They will be forgotten – The Counter

Do you have any idea who Juan Luis Sanfuentes was? I asked a friend.
“No…,” he replied, after a grimace that conveyed both disinterest and ignorance.
Soon after, and after telling him that Sanfuentes had held the position of President of Chile about a century ago – a fact that, by the way, I also did not know until a few days ago – we came to a discouraging conclusion; the former President, upon arriving at La Moneda, must have had the certainty that it would remain in the collective memory of the country. However, it seems that his memory has been forgotten; only those who dedicate themselves to history, surely, are aware of its existence.
The oblivion into which the former President has fallen, along with so many other figures in history, is sobering, especially for a generation of politicians and activists whose main purpose seems to be transcendence, or feeling part of a historical process. That is amply evident when some define October 18 as a ‘new Independence’ or when others, as happened after the plebiscite, try to commemorate the day in which the option of the Approve won with a holiday. They are joined by those who, in an even more extreme attempt, convince themselves that they live under the Piñera dictatorship. It is, in short, a group of citizens who desperately seek transcendence and yearn for it as an end in itself, not as the consequence of a life that deserves to be remembered.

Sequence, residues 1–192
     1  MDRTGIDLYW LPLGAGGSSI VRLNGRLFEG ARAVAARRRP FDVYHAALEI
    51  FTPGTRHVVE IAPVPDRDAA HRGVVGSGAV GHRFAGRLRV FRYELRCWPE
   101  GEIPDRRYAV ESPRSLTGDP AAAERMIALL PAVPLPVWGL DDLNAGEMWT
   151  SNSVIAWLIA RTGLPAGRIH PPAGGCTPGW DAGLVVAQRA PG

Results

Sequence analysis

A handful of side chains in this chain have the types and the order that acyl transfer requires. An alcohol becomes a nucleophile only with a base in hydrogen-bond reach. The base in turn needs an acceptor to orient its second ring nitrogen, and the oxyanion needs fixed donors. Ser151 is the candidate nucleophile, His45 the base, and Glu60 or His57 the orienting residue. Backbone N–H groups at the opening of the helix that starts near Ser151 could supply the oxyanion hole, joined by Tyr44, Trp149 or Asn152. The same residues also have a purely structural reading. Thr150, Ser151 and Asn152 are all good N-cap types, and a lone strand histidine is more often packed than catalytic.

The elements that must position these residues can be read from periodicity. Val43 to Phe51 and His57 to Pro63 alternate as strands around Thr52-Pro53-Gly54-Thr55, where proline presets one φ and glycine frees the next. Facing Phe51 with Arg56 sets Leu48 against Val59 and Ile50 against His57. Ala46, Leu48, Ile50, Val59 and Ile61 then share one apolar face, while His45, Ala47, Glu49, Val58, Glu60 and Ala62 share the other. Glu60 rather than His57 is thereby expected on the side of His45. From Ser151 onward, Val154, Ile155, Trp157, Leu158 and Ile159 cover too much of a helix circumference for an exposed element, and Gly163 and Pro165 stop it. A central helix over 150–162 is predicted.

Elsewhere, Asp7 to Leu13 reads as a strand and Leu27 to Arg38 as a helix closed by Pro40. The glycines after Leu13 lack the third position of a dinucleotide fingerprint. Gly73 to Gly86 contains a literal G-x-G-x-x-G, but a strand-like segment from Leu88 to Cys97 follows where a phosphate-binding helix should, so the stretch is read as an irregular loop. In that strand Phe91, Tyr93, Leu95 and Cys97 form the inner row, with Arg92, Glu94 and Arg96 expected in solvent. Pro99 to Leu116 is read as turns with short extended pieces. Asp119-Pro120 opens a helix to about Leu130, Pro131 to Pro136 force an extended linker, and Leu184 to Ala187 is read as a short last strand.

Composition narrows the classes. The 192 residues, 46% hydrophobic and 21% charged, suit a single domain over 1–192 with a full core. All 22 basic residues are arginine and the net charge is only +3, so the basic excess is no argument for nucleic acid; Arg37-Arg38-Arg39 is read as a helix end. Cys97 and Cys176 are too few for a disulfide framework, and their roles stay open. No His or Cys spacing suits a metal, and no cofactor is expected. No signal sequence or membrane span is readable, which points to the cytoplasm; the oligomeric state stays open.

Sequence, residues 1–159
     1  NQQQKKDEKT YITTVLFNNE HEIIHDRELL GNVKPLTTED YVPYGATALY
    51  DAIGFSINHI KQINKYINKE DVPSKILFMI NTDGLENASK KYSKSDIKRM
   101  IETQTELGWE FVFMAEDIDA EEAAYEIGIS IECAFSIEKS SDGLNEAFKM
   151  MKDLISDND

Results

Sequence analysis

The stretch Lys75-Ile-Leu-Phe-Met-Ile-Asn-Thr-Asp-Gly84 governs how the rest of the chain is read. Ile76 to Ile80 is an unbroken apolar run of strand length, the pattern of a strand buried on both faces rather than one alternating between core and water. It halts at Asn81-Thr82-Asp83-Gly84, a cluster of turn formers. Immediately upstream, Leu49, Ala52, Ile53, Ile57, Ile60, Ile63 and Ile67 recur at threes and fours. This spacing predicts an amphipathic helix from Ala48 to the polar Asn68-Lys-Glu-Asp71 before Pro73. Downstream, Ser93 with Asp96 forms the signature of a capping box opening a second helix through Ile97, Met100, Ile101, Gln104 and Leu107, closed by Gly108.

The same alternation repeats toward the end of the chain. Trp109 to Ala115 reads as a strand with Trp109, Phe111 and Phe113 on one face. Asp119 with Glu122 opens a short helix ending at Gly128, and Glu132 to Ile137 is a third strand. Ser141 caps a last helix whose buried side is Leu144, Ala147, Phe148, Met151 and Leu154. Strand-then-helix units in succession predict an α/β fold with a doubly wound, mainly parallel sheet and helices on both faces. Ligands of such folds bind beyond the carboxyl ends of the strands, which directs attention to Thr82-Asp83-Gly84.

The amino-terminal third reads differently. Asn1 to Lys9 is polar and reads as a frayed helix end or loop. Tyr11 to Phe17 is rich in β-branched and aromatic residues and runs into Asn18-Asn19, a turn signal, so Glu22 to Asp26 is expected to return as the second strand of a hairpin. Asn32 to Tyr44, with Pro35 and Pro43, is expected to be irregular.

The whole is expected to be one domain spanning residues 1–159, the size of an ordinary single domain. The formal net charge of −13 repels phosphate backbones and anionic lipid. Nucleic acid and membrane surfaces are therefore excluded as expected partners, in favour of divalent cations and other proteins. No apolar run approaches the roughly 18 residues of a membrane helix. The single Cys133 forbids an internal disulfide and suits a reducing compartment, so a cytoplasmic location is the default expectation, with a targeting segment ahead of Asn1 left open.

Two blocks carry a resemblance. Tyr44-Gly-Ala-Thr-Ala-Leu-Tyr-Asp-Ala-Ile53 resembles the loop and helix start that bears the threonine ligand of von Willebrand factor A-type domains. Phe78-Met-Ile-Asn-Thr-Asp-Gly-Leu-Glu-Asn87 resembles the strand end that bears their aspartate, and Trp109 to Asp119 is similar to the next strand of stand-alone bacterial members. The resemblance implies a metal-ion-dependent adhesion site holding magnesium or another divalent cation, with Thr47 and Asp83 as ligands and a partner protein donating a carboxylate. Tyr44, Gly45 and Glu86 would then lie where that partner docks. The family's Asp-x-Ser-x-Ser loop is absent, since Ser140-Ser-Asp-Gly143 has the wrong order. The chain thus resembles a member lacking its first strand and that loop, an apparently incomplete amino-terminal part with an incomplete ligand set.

The bitterness of all this is that none of those who shout with a raised fist, who are part of a historical process, will transcend too much; a couple of generations will be enough for his legacy to be inevitably forgotten. Our consciousness and egolatry deceive us, but this is the reality that awaits the vast majority of us.
The dismemory into which those who today call themselves “historical agents” will fall will be even deeper and more heartbreaking than the one that relegated former President Sanfuentes to a rather hidden place in the course of events. The legacy of the former President had to battle with dozens or hundreds of characters and events that, once they happened, confined him to a rather humble place, away from the great lights. Today’s “heroes”, on the other hand, will be confronted with endless facts and figures that, due to the rise of communications, sprout and disappear at every moment. The amount of information that will accumulate about the “historical events” that star those who boast of being part of them, will become a difficult wall to cross for those who within a century analyze our history.
The deep longing for transcendence that many desperately seek today is nothing more than an illusion. It serves, by the way, to nourish the spirit. However, becoming aware of how tiny and limited our lives are, should help those who today look at themselves as “historical agents” and pretend to give lessons to others about what is right and what is wrong, to reorient their efforts and try, from the humility that is so typical of nature, to act with an end that is not to transcend, but to advance. Transcending will not be able to, because they will be forgotten.

The content expressed in this opinion column is the sole responsibility of its author, and does not necessarily reflect the editorial line or position of El Mostrador.

Original source in Spanish

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